During the first half of its exhibition game late last month, George Washington guard Terry Nolan Jr. delivered a pass from half court to the left corner of the baseline. The ball wound up landing well out of bounds near the doors to the entrance of Smith Center.
After the win against crosstown Catholic, Colonials Coach Maurice Joseph referenced that sequence as an indication of his team’s ongoing process of developing cohesion and communication with a cast of players that includes no scholarship seniors, four newcomers and a pair of transfers.
“We’re not anywhere where we need to be,” said Joseph, who’s starting his third season in Foggy Bottom. “We’ll get there once we continue to get healthy and get our guys synced up a little bit here. We’ve got a lot of work to do. We’re a ways away. We’re a young team. We’ve got to get better.”
That youth includes seven players who are either sophomores or freshmen. Two of the Colonials’ projected starters are sophomores in Nolan and Justin Mazzulla and part of a small lineup in which Joseph routinely deploys four guards and a forward.
Among those forecast to be in the mix for the regular rotation, no player is taller than 6 feet 9. Freshman forward Marcus Littles, a top prospect at 6-9, has been hurt during the preseason, with his status unclear for the regular season opener Tuesday night against visiting Stony Brook.
Redshirt junior DJ Williams, a 6-7 forward, sat out last season per NCAA rules after transferring from Illinois. Guard Armel Potter, a transfer from Charleston Southern, is another projected starter.
The guard-heavy lineup leaves George Washington (15-18 last season) at a disadvantage in rebounding and has Joseph instructing his players to be mindful of pursuing missed shots collectively.
The Colonials, for instance, were out-rebounded by Catholic, 48-46, and yielded 17 offensive rebounds to their Division III opponent.
“Overall we’ve got to create a better gang mentality on the glass,” Joseph said. “We’re kind of flying around. We’re leaking out to try to get out in transition. We’re not securing rebounds. [Catholic] got 17 offensive rebounds. They’re a team we’re supposed to outmatch athletically, so that’s unacceptable.”
The dearth in size comes one season after the graduation of, among others, forward Yuta Watanabe, a dual threat who led the Colonials in scoring (16.3) and was named Atlantic 10 defensive player of the year.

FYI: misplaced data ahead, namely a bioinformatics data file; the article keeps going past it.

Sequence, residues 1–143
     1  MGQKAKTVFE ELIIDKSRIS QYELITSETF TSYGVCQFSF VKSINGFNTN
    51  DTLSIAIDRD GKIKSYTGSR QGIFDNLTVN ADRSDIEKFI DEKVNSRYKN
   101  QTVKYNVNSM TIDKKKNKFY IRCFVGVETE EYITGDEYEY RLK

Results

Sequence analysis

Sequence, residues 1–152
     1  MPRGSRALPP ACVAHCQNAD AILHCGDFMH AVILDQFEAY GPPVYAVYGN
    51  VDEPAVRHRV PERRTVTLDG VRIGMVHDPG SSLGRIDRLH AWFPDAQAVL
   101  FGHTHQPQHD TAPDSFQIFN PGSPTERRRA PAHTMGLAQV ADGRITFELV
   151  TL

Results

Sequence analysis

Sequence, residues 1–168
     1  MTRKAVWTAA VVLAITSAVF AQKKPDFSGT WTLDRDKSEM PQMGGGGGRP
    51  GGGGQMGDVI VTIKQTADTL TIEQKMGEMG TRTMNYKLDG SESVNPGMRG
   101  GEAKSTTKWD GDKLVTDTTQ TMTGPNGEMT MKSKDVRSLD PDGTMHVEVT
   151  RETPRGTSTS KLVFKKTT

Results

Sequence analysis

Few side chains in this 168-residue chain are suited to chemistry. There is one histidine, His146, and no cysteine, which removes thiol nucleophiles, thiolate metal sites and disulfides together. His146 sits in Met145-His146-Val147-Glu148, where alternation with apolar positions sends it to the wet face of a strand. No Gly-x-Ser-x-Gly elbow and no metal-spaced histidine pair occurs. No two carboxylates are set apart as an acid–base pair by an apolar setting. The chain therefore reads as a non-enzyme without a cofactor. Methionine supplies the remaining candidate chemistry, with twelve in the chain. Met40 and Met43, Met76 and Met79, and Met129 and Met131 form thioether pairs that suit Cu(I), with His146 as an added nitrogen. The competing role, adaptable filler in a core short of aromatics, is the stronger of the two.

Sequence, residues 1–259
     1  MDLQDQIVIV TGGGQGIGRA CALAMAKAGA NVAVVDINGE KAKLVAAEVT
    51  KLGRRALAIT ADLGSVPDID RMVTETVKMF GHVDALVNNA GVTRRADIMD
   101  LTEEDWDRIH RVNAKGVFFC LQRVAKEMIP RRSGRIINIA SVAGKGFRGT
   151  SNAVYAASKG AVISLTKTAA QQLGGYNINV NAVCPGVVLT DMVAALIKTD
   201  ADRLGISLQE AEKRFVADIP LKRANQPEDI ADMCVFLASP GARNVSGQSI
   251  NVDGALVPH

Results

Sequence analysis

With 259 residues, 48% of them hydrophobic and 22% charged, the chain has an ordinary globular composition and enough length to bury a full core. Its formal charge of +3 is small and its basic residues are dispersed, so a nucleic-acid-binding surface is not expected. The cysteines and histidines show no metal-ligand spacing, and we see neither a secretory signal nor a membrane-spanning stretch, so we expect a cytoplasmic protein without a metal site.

Also departed are last season’s second- and third-leading scorers, respectively, in Jair Bolden and Patrick Steeves.
Watanabe — who is under a two-way contract with the Memphis Grizzlies — Bolden and Steeves represented 66 percent of George Washington’s scoring.
“All five of us have got to buy into the system,” Nolan said of the starters, “because frankly none of us is of [Watanabe’s] caliber right now. So we’ve just got to buy in, and hopefully we can make up for what we’ve lost.”
There also was significant turnover on the coaching staff, most notably former assistant Carmen Maciariello leaving for Siena, where he previously had served as director of basketball operations.
Gone as well are Joe McDonald, a former standout point guard at GW who was the Colonials’ director of player personnel last season, and Victoria Sun, the former director of basketball operations.
In June, Joseph added Greg Paulus as an assistant. The former Duke guard worked with Louisville last season.
“Again, it’s by committee,” Joseph said. “When you lose a guy like Yuta who gets you 16 a game, you’ve got to replace him by committee. The additions of Armel and DJ will help that. Terry Nolan’s gotten better. He’ll help in that regard.”
Nolan is the only member of GW’s roster recognized with preseason honors in a poll of Atlantic 10 coaches and media. The 6-2 sophomore from Baltimore was voted to the all-defensive team.
The Colonials have been predicted to finish second to last in the 14-team Atlantic 10 after reaching the second round of the conference tournament last season.
“I don’t really pay attention to it,” Nolan said, “and I know Coach said he doesn’t really pay attention to the rankings and stuff, but he was kind of frustrated about it because in some eyes they viewed us low, and it’s like a slap to our face.
“We do use it as motivation, and we use it like people are doubting us so it’s a chip on our shoulders.”